Robert Moore’s collection of Korean art has expanded the presence of Korean art overseas, where it was long overshadowed by Chinese and Japanese art. Major museums in the U.S. boosted their holdings of Korean traditional art and artifacts by purchasing part of Moore’s collection. In 1999, the Los Angeles County Museum of Art purchased 250 works of Korean art from Moore, the largest purchase made by an art museum at that time.
The beginning of his Korean art collection dates back to the mid-1950s right after the Korean War. Moore, now 84, became interested in Korean art when he was in Korea as a U.S. soldier in 1955.
“Because I was in the service, I didn’t have much time (to collect). But the time I spent in the country stimulated my interest in Korean art,” said Moore at a gallery in Seoul. Parts of his collection were on display as a preview of an auction at Christie’s in New York on March 18.
|Art collector Robert Moore poses in front of a 10-panel screen of the 19th century at a preview of his collection that will be put up for auction on March 18 at Christie’s in New York, Tuesday. (Yoon Byung-chan/The Korea Herald)|
Moore’s visit to Korea last week was the fourth time since he left the country after completing his service at the end of the Korean War. He was discharged from the U.S. Army in 1959 and then married a Korean-American woman in Los Angeles.
His first Korean artifact was a bronze spoon he bought for $15 in 1957. Since then, he has bought, sold and traded nearly 700 pieces. His collection spans vastly different time periods and ranges from everyday objects, celadons, porcelains, paintings, sculptures and furniture to jewelry.
The March auction marks the third time that the collector has put his cherished items up for sale. The first auction was in 1986, also at Christie’s.
A total of 130 pieces will be offered at Christie’s sale of “The Ten Signs of Long Life: The Robert Moore Collection of Korean Art.” Estimated prices of highlighted items range from $60,000 to $150,000.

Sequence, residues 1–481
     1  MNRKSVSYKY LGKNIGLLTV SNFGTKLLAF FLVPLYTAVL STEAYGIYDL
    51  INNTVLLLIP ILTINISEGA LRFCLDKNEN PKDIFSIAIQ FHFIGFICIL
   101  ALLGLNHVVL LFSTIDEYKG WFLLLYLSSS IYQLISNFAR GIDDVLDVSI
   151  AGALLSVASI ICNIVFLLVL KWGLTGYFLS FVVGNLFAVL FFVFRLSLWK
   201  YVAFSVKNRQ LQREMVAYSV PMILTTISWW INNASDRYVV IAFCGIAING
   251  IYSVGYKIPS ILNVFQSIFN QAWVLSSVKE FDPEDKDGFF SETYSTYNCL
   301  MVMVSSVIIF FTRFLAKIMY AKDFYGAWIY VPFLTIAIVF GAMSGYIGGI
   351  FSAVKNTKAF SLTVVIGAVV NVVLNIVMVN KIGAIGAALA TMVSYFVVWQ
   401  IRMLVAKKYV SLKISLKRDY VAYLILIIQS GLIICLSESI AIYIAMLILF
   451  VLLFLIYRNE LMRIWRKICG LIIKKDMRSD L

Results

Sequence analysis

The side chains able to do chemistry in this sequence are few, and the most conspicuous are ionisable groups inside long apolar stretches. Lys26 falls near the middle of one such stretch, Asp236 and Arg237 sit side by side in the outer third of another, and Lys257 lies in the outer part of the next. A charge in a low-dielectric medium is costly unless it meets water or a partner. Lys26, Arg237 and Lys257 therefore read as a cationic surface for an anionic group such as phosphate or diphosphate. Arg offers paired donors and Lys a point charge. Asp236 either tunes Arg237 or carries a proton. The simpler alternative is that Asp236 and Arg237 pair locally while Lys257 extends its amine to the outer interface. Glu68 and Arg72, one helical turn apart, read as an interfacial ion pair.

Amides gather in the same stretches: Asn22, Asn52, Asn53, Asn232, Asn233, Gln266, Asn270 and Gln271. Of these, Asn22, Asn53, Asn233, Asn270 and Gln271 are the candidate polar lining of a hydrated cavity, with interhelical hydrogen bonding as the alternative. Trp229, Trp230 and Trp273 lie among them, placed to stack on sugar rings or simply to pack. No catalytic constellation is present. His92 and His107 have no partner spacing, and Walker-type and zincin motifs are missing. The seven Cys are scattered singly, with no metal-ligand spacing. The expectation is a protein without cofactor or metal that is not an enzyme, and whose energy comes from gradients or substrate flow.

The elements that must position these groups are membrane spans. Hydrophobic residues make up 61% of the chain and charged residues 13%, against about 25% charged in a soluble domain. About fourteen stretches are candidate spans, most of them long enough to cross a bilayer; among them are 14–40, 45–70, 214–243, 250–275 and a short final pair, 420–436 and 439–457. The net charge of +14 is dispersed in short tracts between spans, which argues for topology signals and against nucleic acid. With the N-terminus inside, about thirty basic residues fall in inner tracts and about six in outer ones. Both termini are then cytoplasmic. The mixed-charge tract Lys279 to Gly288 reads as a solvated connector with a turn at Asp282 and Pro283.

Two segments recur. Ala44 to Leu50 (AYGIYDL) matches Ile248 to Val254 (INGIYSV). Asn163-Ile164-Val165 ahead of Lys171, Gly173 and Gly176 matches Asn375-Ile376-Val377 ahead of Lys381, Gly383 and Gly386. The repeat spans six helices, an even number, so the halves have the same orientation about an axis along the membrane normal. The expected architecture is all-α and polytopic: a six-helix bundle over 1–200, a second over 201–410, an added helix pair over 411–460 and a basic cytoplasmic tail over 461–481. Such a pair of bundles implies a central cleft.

The sources of Moore’s collection vary, but most pieces came from old missionary families or retired diplomats who were stationed in Korea. Moore said he bought a 19th-century reverse-painted ox horn-applied accessory box that was on display at an auction preview in Santa Barbara, California, four years ago.
“Korean things were scattered all over the world (after World War II). ... I bought stuff from missionaries,” Moore said. “There was a time after World War II that you could buy a truck load of Korean materials every day. You could buy pottery at 50 cents right after the war.”
He said his favorite pieces were those dating back to the Joseon Dynasty. Most of the pieces on preview were from that period, including a white porcelain jar portraying the 10 signs of long life and a 10-panel screen painting depicting battle scenes with archaistic seals.
Moore’s dream of building his own museum never came true. But if he had to give his collection to someone, he said it would be Los Angeles.
“It has the biggest Korean community outside Korea,” he said. “I’ve already have a collection at LACMA. I got credit for it, so it is like almost having your own museum. You don’t have to worry about it.”
By Lee Woo-young (firstname.lastname@example.org